We have been taken down a winding lane often into the realms of
mystery here that I really would rather have avoided. It seems
to me it is the articles. They are there; they are matter of fact.
What relationship is it to that? Is that what you took account
of, or did you go and investigate the background of these people?
What did you actually do?
(Mr Lynch) The articles, of course, the articles.
98. Perhaps we should stick with the articles.
(Mr Cook) If people that were appointed were in contradiction
to the articles that would lead us to question the very basis
of an intent, so discussing the appointment of people who are
inconsistent with the articles is moving us into the realms of
hypothesis where I do not think we could give you answers that
could be helpful.
99. I want to talk to you about productivity
but just before I do that there is an interesting section in your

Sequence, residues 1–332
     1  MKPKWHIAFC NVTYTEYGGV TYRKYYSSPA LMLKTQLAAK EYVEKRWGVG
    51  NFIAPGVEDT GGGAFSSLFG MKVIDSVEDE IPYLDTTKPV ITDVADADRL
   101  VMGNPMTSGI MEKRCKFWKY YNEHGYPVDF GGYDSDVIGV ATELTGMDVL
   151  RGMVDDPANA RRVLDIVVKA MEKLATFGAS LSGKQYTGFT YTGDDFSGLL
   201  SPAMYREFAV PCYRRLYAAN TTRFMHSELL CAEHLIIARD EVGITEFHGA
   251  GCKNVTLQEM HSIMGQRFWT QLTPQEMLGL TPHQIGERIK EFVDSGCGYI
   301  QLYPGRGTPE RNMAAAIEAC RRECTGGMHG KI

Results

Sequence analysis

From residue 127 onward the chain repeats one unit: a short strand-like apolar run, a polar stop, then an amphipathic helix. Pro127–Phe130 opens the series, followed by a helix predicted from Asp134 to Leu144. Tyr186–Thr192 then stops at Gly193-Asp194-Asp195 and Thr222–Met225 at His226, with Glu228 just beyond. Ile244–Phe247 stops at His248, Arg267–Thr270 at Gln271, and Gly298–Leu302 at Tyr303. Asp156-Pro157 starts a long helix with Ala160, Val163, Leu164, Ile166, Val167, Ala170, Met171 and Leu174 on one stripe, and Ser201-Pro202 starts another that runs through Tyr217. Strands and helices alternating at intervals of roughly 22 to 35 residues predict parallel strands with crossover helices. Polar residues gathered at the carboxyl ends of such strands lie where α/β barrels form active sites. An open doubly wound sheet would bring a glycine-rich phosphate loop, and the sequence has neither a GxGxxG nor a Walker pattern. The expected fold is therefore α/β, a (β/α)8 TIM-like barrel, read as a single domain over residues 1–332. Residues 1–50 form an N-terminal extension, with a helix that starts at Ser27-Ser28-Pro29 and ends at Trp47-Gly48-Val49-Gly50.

annual report where you talk about modernising the ONS. I just
want to read you part of paragraph 53: "The implementation
of the re-engineering projects (REPs) will ensure that existing
activities are migrated to the new information management environment.
Each REP will help bring the IM infrastructure to life and extend
it as necessary to meet the needs of ONS. . . . the Neighbourhood
Statistics programme . . . is a pathfinder for the infrastructure
and will be a key enabler . . . in driving forward the creation
of the infrastructure." I could not find a translation of
that anywhere in the report. Can you tell me what it means?
(Mr Cook) What we are doing is creating a common information
management environment for the Office for National Statistics.